7 Natural Treatments for TMJ (Temporomandibular Joint) Symptoms

Reader Contribution by Kathleen Jade and Nd

Temporomandibular joint (TMJ) disorders affect up to 12% of Americans and can cause pain, decreased range of jaw motion, and a clicking noise associated with movement.[1] They can also lead to referred pain—pain that is felt at a location other than where it originates—all over the head and neck, including earaches and headaches.[2]

Causes of TMJ Disorders

TMJ disorders can be influenced by multiple factors, including traumatic injuries, hormonal influences, and overuse and/or improper use of the muscles of mastication (chewing). Clenching of the teeth (bruxism) is often a leading cause of TMJ muscle pain, although many people are not aware that they have this habit.[3] Women are more likely than men to suffer from TMJ symptoms, and these disorders are most likely to occur in people 20 to 40 years old.[1]

Natural Treatment Options for TMJ Disorders

There are many natural ways to treat the unpleasant symptoms of TMJ.

1. Occlusal Splint. Most commonly known as night guards, these splints are custom-made dental orthotics that help protect the surfaces of the teeth and prevent clenching. These are one of the most frequently used treatments for TMJ disorders. They are most often worn at night.[1]

2. Physical therapy. Stretching and range-of-motion exercises designed by a physical therapist can help to relieve pain and restore proper movement and function of the jaw.[4]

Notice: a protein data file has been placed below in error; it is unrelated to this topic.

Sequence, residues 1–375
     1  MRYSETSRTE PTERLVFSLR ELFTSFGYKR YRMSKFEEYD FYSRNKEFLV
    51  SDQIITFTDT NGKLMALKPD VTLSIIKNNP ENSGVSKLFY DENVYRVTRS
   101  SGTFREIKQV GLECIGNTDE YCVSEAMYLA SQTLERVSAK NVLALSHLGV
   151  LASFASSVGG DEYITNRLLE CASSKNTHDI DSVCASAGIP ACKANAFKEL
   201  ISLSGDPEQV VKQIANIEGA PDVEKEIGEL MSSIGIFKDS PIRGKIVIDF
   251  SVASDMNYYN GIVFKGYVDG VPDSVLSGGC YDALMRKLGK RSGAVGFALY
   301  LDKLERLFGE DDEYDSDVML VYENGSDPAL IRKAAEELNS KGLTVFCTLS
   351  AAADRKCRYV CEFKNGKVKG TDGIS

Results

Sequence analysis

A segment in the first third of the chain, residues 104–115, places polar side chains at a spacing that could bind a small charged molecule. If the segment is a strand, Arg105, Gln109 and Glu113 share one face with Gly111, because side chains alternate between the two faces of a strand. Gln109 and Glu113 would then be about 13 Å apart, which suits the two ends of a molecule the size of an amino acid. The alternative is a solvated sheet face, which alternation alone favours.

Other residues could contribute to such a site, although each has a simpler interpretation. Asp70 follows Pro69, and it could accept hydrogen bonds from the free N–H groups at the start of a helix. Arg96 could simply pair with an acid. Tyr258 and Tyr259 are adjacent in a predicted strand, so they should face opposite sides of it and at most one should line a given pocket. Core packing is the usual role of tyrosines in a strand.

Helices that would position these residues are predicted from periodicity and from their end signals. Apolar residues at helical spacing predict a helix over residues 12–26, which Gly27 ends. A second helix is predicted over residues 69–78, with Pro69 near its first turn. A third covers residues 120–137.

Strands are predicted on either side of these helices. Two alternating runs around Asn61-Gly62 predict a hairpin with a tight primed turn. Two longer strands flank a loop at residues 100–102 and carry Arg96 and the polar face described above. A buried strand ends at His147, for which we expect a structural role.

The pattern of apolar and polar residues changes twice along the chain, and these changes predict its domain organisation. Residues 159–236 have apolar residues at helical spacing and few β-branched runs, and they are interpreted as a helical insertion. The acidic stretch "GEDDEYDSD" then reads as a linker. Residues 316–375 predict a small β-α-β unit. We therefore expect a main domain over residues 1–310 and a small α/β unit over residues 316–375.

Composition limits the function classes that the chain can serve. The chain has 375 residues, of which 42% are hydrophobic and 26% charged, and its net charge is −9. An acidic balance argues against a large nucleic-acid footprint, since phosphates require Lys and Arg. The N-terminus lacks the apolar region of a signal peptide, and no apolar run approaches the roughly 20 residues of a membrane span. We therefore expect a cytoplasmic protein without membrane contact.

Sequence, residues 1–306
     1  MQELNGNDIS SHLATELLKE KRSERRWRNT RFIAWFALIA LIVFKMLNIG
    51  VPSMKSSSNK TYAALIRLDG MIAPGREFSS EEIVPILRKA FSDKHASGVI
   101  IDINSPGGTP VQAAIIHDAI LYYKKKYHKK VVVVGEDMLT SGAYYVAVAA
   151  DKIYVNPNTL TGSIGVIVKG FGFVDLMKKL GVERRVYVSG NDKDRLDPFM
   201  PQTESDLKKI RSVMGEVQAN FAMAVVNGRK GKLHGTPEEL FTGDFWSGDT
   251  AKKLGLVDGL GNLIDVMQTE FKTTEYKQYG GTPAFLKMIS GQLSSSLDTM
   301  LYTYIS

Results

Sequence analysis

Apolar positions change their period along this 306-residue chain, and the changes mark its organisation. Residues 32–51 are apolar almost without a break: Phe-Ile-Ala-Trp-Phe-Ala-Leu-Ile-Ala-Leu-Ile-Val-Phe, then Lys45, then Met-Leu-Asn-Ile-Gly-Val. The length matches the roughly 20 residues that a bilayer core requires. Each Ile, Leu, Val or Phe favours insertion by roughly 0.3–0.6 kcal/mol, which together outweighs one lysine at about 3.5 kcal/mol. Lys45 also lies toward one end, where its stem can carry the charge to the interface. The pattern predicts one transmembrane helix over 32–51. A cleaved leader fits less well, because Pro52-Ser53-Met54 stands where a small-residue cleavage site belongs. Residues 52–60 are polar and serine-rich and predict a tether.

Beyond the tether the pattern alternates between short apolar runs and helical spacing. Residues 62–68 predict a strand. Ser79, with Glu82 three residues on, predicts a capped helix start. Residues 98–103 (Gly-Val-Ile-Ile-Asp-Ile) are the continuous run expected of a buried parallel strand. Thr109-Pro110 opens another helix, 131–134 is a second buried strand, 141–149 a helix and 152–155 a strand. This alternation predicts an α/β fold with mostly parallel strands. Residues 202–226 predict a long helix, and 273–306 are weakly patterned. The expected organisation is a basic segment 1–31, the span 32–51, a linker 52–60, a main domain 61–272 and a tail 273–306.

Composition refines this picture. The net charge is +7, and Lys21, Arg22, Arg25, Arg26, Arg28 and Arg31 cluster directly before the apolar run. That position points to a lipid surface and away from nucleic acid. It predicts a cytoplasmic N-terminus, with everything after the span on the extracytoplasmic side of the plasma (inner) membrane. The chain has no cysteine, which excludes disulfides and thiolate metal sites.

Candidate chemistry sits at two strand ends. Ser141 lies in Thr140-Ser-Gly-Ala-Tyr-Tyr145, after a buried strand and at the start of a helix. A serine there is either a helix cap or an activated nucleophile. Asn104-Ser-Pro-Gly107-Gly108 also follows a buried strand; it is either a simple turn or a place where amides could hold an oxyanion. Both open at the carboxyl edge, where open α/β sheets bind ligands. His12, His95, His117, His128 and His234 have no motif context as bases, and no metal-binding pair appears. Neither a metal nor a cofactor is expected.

3. Massage. Massage has been shown to be effective in relieving TMJ pain.[5] Some massage therapists specialize in TMJ and even work on the muscles inside the mouth to release tension surrounding the jaw.

4. Acupuncture. Acupuncture has been shown to provide short-term relief from painful TMJ disorder symptoms.[6]

5. Osteopathic manipulative technique. A study in the Journal of Bodywork and Movement Therapies showed that this technique, practiced by a doctor of osteopathy, reduced pain and improved range of motion after six months.[7]

6. Self-management. If you suffer from TMJ pain or discomfort, it is important to be aware of your own habits. Avoid chewing gum or eating hard, chewy foods to put less stress on the TMJ muscles. Keep your teeth apart with the jaw muscles relaxed as much as possible throughout the day. Avoiding stress and learning what situations cause you to clench your teeth are both very important in preventing TMJ symptoms from getting worse or returning.


[1] Dent Clin North Am. 2013 Jul;57(3):465-79
[2] Otolaryngol Clin North Am. 2014 Apr;47(2):301-331.
[3] J Oral Rehabil. 2006 Jul;33(7):473-81.
[4] J Man Manip Ther. 2009;17(4):247-54.
[5] Adv Clin Exp Med. 2012 Sep-Oct;21(5):681-5.
[6] Clin J Pain. 2010 Jul-Aug;26(6):541-50.
[7] J BodywMov Ther. 2010 Apr;14(2):179-84.